Being active on digital platforms is an integral part of owning a business. Digital platforms allow a business to meet their target audiences in a faster and more personal manner.
Seeing a billboard on the side of a street and an ad on your Instagram feed is bound to have immensely different.
I have never bought something after seeing a billboard, but I have bought plenty of products from Instagram and Facebook ads.
The business minds understand the importance of digital networking.
The ads on Google, the clippings of the commercial we can’t skip on YouTube, the constant bombardment of emails we receive, everything is a ploy to take advantage of our need or instil a need first to take advantage later.
From what we have discussed so far, you would think that all digital platforms are only efficacious for the businesses. However, that is not the case.
There is a side that can just as effectively break a business and shatter it’s goodwill as effectively it made it. In addition, this is the negative feedback, the hate comments that have to potential of influencing loyal customers to shun your business. This is something every business has to experience every day; it is operational.
Freedom of speech mandates every person had s the right to speak their mind, so a business cannot just ask people to remove their thoughts from social media.
So, what does the business do?
Knowing When to Address
Social media, amongst other digital platforms, are inundated with people who do not like a business, it’s ethics and the way it runs its operations.
Sometimes these people have a valid reason for their hate and them wanting to spread it, but more than not, these commentators are just people who are bored and need something to do.
Even celebrities like Adele and our esteemed Prime Minister are not unknown to getting hate mail or comments on their social media channels. Even the Royal Family has experienced it.
If people who are so loved have had to deal with an unwanted hatred, it should certainly be no surprise for conventional business. From Maybelline to Nike, all witness the negativity.
A promising way of dealing with it is to know the difference between feedback that deserves a response, and the one that does not.
A customer who has received a damaged product needs to be addressed to, he paid for your services and did not get his money’s worth.
A customer who was rude to your staff posting about the substandard service you provided does not warrant your attention. You cannot tell him not to lie and to address him would only give his claims weight.
Apologising, If Necessary
There is nothing wrong in owning up to your mistakes. And if you feel that there is something that you have done which requires you to apologise, you must do that.
Have you heard the name Jaclyn Hill?
She is a YouTuber cum businesswomen. She launched her lipstick line. And if I am polite, her lipsticks missed the mark by a landslide. Not only the packaging was terrible, but there were also actually hair or hair-like lint embedded in the product.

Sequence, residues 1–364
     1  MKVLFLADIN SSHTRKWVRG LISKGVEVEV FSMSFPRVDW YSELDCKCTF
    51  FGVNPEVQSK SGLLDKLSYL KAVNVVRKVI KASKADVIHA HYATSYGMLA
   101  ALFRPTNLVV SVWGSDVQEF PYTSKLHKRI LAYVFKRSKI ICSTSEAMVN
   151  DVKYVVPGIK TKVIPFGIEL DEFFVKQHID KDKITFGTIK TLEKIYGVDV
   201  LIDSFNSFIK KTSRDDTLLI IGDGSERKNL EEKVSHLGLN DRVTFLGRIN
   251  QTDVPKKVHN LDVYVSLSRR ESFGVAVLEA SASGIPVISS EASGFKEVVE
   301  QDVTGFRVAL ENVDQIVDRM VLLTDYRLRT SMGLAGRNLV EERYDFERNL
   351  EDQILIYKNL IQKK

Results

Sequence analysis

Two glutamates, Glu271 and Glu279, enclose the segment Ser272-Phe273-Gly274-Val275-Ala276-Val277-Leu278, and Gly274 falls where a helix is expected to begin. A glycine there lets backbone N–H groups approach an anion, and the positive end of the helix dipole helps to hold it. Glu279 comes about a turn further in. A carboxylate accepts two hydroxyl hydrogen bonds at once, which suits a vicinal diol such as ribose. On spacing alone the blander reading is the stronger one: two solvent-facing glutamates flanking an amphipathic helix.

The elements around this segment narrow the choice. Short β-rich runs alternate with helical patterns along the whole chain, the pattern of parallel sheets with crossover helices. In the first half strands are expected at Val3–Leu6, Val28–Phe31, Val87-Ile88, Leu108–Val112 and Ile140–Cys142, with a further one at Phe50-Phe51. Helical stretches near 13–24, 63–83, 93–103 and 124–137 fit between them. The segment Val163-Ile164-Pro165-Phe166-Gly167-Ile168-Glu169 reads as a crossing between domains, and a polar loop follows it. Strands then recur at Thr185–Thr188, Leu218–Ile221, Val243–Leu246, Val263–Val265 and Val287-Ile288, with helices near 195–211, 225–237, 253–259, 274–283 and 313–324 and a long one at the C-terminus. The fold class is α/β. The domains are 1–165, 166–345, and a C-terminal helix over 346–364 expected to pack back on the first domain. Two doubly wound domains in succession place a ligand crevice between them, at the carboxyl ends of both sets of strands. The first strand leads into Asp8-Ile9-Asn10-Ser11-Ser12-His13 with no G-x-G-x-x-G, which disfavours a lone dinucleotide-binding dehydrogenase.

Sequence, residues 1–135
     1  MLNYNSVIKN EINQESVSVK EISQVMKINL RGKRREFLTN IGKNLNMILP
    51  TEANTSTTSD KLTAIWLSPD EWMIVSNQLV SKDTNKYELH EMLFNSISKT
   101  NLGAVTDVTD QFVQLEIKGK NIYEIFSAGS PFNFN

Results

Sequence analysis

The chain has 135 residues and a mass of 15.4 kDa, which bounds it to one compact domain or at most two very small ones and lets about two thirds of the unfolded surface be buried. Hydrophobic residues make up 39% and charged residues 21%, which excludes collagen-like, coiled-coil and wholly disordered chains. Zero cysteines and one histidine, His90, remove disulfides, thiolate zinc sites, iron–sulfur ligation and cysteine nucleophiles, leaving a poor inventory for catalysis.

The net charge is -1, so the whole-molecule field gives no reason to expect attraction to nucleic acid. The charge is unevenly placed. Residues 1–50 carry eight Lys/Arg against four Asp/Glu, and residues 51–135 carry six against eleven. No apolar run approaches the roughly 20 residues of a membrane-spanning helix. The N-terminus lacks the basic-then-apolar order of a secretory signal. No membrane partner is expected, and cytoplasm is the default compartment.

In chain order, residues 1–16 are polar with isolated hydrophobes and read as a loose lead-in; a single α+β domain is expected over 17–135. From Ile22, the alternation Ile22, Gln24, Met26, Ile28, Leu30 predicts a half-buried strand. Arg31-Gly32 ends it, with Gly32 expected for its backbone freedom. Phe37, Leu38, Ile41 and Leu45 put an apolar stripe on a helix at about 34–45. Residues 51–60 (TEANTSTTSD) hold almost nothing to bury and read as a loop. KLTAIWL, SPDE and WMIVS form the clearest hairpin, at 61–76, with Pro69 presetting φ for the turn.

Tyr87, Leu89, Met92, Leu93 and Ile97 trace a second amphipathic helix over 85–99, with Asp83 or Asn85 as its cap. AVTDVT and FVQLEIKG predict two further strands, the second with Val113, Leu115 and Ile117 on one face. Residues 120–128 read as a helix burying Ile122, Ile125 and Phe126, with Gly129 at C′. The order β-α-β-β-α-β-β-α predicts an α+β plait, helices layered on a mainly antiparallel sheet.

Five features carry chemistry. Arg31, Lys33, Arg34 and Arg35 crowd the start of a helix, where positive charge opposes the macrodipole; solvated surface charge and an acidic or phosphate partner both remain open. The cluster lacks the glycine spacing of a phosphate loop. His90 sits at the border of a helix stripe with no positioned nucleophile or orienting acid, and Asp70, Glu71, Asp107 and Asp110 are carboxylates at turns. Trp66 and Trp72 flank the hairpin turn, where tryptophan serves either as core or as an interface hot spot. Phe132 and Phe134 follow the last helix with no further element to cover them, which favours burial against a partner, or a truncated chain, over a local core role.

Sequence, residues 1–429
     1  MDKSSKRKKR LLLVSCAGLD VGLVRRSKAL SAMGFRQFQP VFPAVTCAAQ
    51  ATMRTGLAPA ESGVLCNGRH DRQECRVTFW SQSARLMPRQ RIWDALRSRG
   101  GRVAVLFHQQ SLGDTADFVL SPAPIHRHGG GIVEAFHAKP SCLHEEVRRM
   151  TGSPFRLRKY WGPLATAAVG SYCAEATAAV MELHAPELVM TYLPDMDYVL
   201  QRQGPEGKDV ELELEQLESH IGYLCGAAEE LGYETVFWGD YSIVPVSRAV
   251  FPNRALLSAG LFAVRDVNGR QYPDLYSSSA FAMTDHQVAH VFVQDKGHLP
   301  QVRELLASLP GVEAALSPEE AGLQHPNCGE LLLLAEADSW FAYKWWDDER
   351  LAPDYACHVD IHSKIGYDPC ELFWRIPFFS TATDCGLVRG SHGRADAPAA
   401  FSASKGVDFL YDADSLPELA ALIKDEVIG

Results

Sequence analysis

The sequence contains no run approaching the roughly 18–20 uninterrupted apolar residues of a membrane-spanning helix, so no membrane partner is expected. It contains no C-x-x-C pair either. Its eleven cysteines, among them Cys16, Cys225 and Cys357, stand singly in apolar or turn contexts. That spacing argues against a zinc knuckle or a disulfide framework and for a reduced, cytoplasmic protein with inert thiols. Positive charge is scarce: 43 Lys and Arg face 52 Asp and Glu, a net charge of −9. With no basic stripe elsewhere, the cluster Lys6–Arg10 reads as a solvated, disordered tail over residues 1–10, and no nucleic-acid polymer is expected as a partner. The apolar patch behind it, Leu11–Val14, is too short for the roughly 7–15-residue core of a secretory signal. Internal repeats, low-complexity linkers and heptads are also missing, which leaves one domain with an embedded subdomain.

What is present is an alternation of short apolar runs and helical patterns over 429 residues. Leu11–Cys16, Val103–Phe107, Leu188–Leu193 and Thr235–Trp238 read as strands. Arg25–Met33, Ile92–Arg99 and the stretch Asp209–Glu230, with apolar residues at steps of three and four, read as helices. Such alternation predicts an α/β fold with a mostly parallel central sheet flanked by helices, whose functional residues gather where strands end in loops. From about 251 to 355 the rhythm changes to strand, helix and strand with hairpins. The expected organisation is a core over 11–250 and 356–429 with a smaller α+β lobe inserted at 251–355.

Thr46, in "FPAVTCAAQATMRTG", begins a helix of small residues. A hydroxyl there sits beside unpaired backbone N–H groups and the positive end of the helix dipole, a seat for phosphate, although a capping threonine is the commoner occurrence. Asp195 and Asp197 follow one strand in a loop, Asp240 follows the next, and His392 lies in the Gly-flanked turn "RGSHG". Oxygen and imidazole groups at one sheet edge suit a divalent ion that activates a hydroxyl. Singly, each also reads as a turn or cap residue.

And the customers were not happy about it. Her entire line was a disaster that could have ended her career, but it did not.
She made a mistake, her customers should not have received the disaster of a product, and she owned up to it. On her YouTube channel, she apologised to her millions of subscribers.
And when she launched her next project, the Jaclyn Hill eyeshadow palette, it was very well received. The quality was excellent, the pigment and the shade range were both impeccable, and the delivery was not too late. And people bought it in huge numbers.
Had she not apologised for her last business failure and not owned up her mistake, would people have bought anything she ever sold?
A formal public apology can make a world of difference. The customers understand that humans and humans run the business tend to make mistakes. As long as those mistakes are not going to happen again, your business would be all set for success, despite the negative feedback.
Keeping Everything in the Open
This one is something you do to avoid negative feedback to some degree.
People have a habit of putting in their own two cents when they find that what you told was not the entire picture. And trust me, those two cents can shatter your goodwill to pieces that can take ages to repair.
When your business has everything, every tiny detail about your products and services, out in the open, nobody can manipulate it.
If an online lender says that it is providing unemployed loans with no guarantor, it does not mean that every unemployed person can apply for it.
It is a half-painted picture. Now, if an unemployed person applies for this loan, which has no income at all, the lender would reject his application, on the grounds of no income. Now, this person has every right to spread a negative word in the market about the lender and his false claims because he was not given the complete information.
If he knew that unemployed meant being in on government benefits or working part-time, he would have done that.
That is why you and your business have to be completely honest and open about your products to lessen the impact of negative feedback on digital platforms. You would not want to go viral for the wrong reasons, right?